47 Grasslands and Shrub Lands Grassland will change to deserts or shrub landsExposing greater amounts of soilIncreasing soil temperature – poor nitrogen content – poor plant growthBarren soil exposed to winds and transported into atmosphere as dust and trapping IR – leading to more warmingModels of:Climate changePlant growthSoil – waterPredict shifts in distribution of major North American prairie grasses over a 40 year period
48 Those at RiskNorthern countries (Russia, Sweden, Finland) ½ of existing terrestrial habitats at riskIn Mexico, it’s predicted that 2.4% of species will lose 90% of their range and threatened with extinction by the year 2055Population at greatest risk are the rare and isolated species with fragmented habitats or those surrounded by water, agriculture or human developmentPolar bears facing extinction by prolonged ice melts in feeding areas along with decline in seal population
49 35% of worlds existing terrestrial habitat predicted to be altered Studies found that deforestation in different areas of the globe affects rainfall patterns over a considerable regionDeforestation in the Amazon region of South America (Amazonian) influences rainfall from Mexico to Texas and in the Gulf of MexicoDeforesting lands in Central Africa affects precipitation in the upper and lower U.S. Midwest09/ htm
50 Phenological ChangesLife-cycles of plants and animals have been affected by global changeTemperatures affecting plants growing season, flowering time and timing of pollination by insects have all been alteredStudies already showingMediterranean deciduous plants now leaf 16 days earlier and fall 13 days later than 50 years agoPlants in temperate zones flowering time occurring earlier in the seasonGrowing season increased in Eurasia 18 days and 12 days in N. America over past two decades
51 Phenological ChangesPenuelas J and Filella I Response to a warming world. Science 294: 793 – 795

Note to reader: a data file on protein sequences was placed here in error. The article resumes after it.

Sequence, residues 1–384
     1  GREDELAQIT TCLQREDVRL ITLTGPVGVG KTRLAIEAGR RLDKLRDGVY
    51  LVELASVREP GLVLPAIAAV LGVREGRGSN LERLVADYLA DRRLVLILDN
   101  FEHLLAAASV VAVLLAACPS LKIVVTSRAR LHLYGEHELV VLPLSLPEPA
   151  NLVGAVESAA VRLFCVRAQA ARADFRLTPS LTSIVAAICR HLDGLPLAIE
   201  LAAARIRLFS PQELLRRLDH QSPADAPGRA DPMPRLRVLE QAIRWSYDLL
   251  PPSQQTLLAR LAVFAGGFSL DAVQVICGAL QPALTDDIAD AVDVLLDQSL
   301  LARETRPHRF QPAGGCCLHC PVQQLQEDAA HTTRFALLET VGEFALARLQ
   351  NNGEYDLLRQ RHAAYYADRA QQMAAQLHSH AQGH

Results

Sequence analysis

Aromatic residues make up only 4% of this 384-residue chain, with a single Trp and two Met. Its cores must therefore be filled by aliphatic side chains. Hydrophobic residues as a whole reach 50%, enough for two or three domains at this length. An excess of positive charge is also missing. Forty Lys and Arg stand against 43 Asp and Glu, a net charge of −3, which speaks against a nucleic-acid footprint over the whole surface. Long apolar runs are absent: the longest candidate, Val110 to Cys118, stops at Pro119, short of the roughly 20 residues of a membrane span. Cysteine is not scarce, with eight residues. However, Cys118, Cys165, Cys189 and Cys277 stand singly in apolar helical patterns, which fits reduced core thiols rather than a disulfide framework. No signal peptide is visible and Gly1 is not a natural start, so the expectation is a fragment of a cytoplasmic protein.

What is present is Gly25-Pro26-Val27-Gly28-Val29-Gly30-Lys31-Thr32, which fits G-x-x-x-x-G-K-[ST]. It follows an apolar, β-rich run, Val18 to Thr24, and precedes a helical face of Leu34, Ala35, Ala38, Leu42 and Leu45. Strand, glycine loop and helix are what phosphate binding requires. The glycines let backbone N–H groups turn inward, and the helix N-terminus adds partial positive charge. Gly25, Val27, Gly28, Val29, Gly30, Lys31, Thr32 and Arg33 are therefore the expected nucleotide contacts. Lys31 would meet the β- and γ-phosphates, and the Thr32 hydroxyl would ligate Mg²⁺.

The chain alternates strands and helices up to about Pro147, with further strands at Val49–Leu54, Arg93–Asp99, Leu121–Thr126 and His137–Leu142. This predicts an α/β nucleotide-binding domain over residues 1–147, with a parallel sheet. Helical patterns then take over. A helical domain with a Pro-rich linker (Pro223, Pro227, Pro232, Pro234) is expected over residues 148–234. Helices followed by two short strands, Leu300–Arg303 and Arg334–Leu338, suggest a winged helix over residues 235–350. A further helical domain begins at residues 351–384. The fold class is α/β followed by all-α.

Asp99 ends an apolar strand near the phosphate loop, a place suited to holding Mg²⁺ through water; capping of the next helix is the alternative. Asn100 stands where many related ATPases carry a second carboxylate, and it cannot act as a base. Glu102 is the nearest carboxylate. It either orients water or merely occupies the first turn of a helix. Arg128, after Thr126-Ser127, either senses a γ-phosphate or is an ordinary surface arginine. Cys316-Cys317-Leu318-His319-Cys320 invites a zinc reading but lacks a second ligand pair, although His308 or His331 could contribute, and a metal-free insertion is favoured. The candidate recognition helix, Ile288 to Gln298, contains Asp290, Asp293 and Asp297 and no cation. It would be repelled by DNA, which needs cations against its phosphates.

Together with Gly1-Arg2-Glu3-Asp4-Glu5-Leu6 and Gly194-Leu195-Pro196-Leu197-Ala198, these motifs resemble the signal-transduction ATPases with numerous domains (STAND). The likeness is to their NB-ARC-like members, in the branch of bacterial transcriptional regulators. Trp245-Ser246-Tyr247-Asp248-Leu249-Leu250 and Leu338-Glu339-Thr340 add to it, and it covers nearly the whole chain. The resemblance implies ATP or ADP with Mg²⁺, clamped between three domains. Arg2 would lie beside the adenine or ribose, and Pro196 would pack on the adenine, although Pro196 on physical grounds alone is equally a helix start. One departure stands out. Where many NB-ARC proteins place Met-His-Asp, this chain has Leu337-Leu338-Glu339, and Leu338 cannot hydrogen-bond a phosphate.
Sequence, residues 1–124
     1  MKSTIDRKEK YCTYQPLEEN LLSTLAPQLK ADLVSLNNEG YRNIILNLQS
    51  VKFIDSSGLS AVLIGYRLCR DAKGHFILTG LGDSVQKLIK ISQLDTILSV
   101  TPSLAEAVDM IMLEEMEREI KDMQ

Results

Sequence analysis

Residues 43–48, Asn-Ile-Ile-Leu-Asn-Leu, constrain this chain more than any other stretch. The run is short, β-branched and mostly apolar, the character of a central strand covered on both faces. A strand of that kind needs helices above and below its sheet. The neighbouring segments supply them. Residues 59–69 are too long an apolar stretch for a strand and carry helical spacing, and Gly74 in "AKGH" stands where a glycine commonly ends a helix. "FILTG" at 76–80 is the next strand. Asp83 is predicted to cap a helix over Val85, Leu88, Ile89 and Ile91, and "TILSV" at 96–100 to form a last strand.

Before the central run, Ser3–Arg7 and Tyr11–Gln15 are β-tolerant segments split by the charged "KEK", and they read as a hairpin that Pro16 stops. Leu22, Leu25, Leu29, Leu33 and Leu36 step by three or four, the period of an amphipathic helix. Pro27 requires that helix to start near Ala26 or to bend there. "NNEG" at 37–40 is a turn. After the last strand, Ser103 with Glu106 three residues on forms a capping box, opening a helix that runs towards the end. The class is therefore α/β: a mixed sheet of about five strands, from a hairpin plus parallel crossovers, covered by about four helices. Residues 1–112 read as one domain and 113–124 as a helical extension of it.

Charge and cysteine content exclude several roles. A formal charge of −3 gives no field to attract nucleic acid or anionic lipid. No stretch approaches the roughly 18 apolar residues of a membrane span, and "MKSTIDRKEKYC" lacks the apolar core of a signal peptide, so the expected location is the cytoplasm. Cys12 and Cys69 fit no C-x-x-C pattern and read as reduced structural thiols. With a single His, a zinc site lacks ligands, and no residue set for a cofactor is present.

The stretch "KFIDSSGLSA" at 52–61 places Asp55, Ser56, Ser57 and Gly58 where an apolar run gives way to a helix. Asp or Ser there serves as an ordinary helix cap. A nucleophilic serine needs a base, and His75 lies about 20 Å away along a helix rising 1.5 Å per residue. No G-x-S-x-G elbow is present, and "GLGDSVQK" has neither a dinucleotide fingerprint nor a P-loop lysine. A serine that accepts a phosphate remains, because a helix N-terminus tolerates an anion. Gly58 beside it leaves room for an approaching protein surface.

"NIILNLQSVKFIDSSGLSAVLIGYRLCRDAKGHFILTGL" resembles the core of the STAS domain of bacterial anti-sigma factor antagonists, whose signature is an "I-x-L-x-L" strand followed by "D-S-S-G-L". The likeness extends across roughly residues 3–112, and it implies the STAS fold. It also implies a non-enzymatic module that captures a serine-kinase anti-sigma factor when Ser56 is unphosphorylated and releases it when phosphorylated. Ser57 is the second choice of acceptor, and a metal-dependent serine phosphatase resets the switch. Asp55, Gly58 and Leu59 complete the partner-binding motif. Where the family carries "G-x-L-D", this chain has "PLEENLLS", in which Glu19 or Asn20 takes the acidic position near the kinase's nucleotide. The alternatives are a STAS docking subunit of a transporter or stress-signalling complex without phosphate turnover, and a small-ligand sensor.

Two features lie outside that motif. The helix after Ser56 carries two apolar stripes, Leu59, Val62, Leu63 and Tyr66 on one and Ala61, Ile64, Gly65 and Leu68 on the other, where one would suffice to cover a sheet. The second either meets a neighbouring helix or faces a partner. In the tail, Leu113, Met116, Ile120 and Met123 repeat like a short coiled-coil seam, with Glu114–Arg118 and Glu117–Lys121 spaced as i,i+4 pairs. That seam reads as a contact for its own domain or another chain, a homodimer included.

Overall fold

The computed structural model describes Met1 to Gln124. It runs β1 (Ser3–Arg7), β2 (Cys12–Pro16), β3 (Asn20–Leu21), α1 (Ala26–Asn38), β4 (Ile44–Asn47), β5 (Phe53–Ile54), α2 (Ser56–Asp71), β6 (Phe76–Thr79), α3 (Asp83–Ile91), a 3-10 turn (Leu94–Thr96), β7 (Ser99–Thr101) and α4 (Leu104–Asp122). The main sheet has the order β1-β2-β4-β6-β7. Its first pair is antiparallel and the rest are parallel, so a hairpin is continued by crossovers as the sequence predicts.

52 Conservation Thoughts Artificial seed dispersal and transplantation into climatically suitable regionsMay help in preserving vegetation under stressProblem: soil in new areas unsuitableMassive reforestation to help get rid of added CO2 brought on by manProblem: it’s estimated to keep up with emissions efforts will need to be doubled or tripled costing hundreds and millions of dollarsBelieved to take up to 100 years to reforest 40% of the U.S. forest landNew technologies of: plant breeding, bioengineering (i.e. Toyota and the cherry shrub), fertilization, irrigation, may aid in migrationSocial, economic and political needs must be addressed or any conservation efforts will fail
53 Questions What are 6 major terrestrial ecosystems? Climate has always changed and plants have been able to migrate with these changes. Why is modern climate change posing so many problems?What are some conservation efforts being investigated to prevent plant species from extinction?What 4 major things influence geographic distribution of terrestrial biomes?
54 Bibliography earthobservatory.nasa.gov Hardy, J. T. Effects on Terrestrial Ecosystems. Climate Change; Causes, Effects and Solutions, 2003: 99 – 115.Malcolm JR and Markham A Global Warming and Terrestrial Biodiversity Decline. Report of the World Wildlife Fund, Gland, Switzerland.Penuelas J and Filella I Response to a warming world. Science 294: 793 – 795.Prentice, C.I., Guiot, J., Huntley, B., Jolly D. and Cheddadi, R., 1996, Reconstructing biomes from palaeoecological data: a general method and its application to European pollen data at 0 and 6 ka. Climate Dynamics 12:"Rainforests", (3/18/02)taggart.glg.msu.edu/isb200/fland.htmThe Greenhouse Effect and Climate Change. Commonwealth of Australia 2006, Bureau of Meteorology (ABN ): pp. 9 – 77.Wing, S.L. and Boucher, L.D Ecological aspects of the Cretaceous Flowering plant radiation. Annual Review Earth Planet. Science 26: 379 – 421~rees/Jurassic.htmlseminars/960610SM.html09/ htmZachos, J., Pagani, M., Sloan, L., Thomas, E., Billups, K Trends, Rhythms, and Aberrations in Global Climate 65 ma to Present. Science 292: 686 – 693